One of the recent testaments to the unwaning popularity of May Gibbs (1877- 1969), a celebrated Australian artist, illustrator and children’s book author, was the official gift from the people of Australia to the first son of the Australian-born Princess Mary of Denmark. In 2005 Princess Mary, her husband Crown Prince Frederik of Denmark and their newborn son were presented with the mint copy of the first 1918 edition of May Gibbs’s most popular book “Tales of Snugglepot and Cuddlepie”, an all-time favourite Australian classic and a prominent part of Australian folklore.
The vintage “Alphabet Book” reviewed in this post is illustrated with images of the forerunners of Snugglepot and Cuddlepie – quintessentially Australian bush babies also known as Gumnuts. At the time when fantasy writing for children was dominated by pixies, elves, gnomes and leprechauns (the European counterparts of bush babies) the Australian bush spirit-land born by the imagination of May Gibbs was entirely original.
May was 4 years old when her family immigrated to Australia from England. Both her parents were amateur artists, their house has been frequented by artists and musicians. ‘I could almost draw before I could walk”, May recalled, having been always supported and encouraged by her parents. She was well educated, including in art schools in England, and grew up independent and free spirited.
Not interested in the life of a housewife (though she did get married), May pursued a career in freelance illustration and later in writing for children, excelling on both fronts. Well aware of her worth she took care of her own affairs with a business acumen unusual for a woman of her times. She negotiated “Snugglepot and Cuddlepie” royalties with her publisher Angus & Robertson at 12.5%. At the same time reputable Australian writer and artist Banjo Paterson and Norman Lindsay were only getting 10%. May Gibbs didn’t stop there and pushed for 15% for her later books, an unheard of royalty rate at the time..
A strong advocate for respecting natural world May Gibbs has studied the Australian bush to an extent no artist has probably done before her. Building on her excellent early botanical drawings she came up with an idea of Gumnuts while thinking about the design for a bookmark. Here’s how she recalled this pivotal moment, which kick-started her journey of creating something that would go on to permanently embed itself into Australian consciousness and folklore:
” I thought of the Australian gumleaf, which was an ideal shape for a bookmark and a pretty thing. If only I could make it interesting on both sides. In the middle of the night I awoke, and, in fancy, saw peeping over a long gumleaf, a little bush sprite with a gumnut on its head. I painted them and Lucy Peacock of the Roycroft Library sold them for me at 5s each. They bacame so popular, later we printed them and sold thousands for 6d each.”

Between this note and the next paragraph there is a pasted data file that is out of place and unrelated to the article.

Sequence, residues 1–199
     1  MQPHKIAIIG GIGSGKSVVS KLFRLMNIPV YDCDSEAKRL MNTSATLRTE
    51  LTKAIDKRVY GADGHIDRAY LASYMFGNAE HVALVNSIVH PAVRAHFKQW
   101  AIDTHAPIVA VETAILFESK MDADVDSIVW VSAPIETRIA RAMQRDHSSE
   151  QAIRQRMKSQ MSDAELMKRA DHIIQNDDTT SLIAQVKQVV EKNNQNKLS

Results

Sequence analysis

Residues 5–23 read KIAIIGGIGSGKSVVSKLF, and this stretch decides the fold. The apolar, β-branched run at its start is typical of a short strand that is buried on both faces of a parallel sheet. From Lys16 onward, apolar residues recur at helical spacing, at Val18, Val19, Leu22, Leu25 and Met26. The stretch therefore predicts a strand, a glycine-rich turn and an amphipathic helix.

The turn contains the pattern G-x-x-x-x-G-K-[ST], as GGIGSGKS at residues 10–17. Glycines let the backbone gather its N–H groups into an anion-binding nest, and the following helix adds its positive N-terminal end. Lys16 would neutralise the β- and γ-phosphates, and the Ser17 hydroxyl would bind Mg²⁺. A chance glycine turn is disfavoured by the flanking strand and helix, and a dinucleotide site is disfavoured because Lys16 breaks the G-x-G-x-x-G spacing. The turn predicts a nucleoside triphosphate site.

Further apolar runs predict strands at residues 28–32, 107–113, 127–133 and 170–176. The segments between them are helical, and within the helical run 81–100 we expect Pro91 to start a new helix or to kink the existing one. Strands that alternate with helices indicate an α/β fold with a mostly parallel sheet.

The first Gumnuts have made appearances on the cover of the prestigious literary magazine The Lone Hand, whose cover was the most sought after commission amongst illustrators and artists. May Gibbs has illustrated three of those between 1914 and 1916:
Gumnuts have also featured in wartime postcards designed by May Gibbs. The postcards aimed to help boost the morale of the Australians fighting in WWI raging in Europe and Middle East. They were included in the parcels with hand-knitted socks and woolen balaclavas, which the Australian Red Cross sent to the troops. The postcard captions reminded of love and affection of the families back home in Australia (“Your old aunts are very anxious about you”, “We’ll keep the Billy boiling, dear till you come marching home”). Others were playful and cheeky, like the two below showing the crying girls left behind by the Gumnut Corps cheering “We’ll make things hum, by gum!”
The growing popularity of bush babies characters has eventually led to a series of 5 small picture books. The first two, “Gumnut Babies” and “Gum-Blossom Babies”, were published in December 2016 and sold out immediately. The other three titles in the series – “Boronia Babies”, “Wattle Babies” and “Flannel Flowers and Other Bush Babies” – were likewise a great commercial success.
During the war and depressed post-war times the economics of publishing demanded more efficient ways of production and May Gibbs was commissioned to design several composite pictures of her bush folk in various scenes and settings. These pictures (like the two reproduced below) were economically printed on one sheet, then their separate elements and fragments were cut out and used to produce cards and calendars.
The “Alphabet book” reviewed in this post is illustrated with the fragments from the two composite pictures shown above and a few illustrations from May’s Gumnut babies picture books series. It’s easy to fall in love with these irresistibly cute creatures. Their innocent “alphabetic” pursuits are down-to-earth. Bush babies go about their affairs in their realistically detailed bush world mirroring the pursuits, concerns and preoccupation of all young children out there. This must be why children never tire of these little people and their stories.
If I was to choose a favorite picture here it would be the “Rescuing” one below. It reminds me of a few months in my own son’s early childhood, when we’ve been watching a (particularly resilient) moth living in our bathroom. Every night bath time started with spotting “mothy” on the bathroom walls and saying “Hi!” to her.
For other Alphabet books review click on this link.